So that Ajax nevermore shall they insult.
Although the line between web applications and web services is blurring, most web applications are built primarily for humans. Whether it's a weblog system for your eyes only, an internal time-tracking tool for a dozen people in your department, or the next social-networking phenomenon, a web application with no users is like a party with no guests: what's the point? Directly or indirectly, users are the whole point. So when it comes to designing your site, they shouldn't be an afterthought.
Users are the focus of this chapter: how they think, what they want from a web application, and how to help them get itin a word, usability. Usability is about getting out of the user's way and helping him work as effectively as possible. It's about building tools that are not just merely functional but actually pleasantdelightful evenand that work with the user.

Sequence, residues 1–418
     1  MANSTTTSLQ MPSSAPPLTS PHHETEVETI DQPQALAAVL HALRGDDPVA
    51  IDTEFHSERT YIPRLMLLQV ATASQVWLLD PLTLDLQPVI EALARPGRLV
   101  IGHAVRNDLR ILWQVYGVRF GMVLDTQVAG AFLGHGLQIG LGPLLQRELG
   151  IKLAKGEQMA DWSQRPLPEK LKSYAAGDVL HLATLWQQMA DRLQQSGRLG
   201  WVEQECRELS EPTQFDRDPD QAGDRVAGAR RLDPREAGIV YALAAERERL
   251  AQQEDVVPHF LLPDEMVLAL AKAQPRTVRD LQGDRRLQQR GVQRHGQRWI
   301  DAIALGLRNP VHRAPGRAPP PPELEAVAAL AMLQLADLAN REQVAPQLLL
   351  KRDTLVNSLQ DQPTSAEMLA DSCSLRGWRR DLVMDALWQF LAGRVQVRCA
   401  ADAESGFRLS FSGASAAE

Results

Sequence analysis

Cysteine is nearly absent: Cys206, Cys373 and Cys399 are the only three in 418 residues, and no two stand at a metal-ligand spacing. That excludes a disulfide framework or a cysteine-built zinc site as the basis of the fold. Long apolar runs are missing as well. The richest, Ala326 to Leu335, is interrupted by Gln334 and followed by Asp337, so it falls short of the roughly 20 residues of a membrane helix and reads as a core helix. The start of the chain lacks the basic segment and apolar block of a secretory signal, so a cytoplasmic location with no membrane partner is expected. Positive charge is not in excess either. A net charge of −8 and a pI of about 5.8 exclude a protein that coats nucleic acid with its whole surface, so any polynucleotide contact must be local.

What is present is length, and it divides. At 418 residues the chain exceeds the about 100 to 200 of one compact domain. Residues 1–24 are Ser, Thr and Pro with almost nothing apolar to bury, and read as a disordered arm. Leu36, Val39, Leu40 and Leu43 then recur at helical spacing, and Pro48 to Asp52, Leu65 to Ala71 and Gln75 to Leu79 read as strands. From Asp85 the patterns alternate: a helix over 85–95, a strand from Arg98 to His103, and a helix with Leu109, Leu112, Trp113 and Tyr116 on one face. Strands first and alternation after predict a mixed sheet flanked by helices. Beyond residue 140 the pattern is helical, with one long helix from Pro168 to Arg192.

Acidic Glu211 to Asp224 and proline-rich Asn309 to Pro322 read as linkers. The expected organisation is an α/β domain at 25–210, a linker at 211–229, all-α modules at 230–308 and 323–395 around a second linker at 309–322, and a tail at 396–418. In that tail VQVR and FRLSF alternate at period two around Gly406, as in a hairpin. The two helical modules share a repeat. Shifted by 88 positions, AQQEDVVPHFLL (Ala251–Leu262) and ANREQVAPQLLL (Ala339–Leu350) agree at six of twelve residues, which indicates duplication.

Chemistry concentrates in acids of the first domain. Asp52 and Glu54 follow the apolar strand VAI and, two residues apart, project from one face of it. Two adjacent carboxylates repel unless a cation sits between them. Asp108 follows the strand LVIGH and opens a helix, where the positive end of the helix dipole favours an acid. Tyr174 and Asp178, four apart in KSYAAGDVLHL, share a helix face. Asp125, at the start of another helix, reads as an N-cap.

Designing for usability is part science, part art. First, it draws on knowledge of how people think and behave by considering questions such as:
How much information can someone think about at once?
What words will be associated with a certain concept?
What reaction will some stimulus cause?
That information isn't enough on its own; it must be augmented with knowledge of the problem domain; for example:
What is the user ultimately trying to accomplish? Why? In what context?
What are the alternatives, trade-offs, and risks involved?
Those questionsof psychology and contextinform the science of usability design.
The art happens when that knowledge is synthesized into practice: balancing the forces of a problem into a workable design, choosing which elements to omit and which to emphasize. When it's done right, the solution fits the problem like a gloveit's just enough and no more.
In this chapter, we'll first examine usability principles that apply to all contexts, then stop to consider the unique constraints of the web context, and finally get specific about common web usability problems and solutions.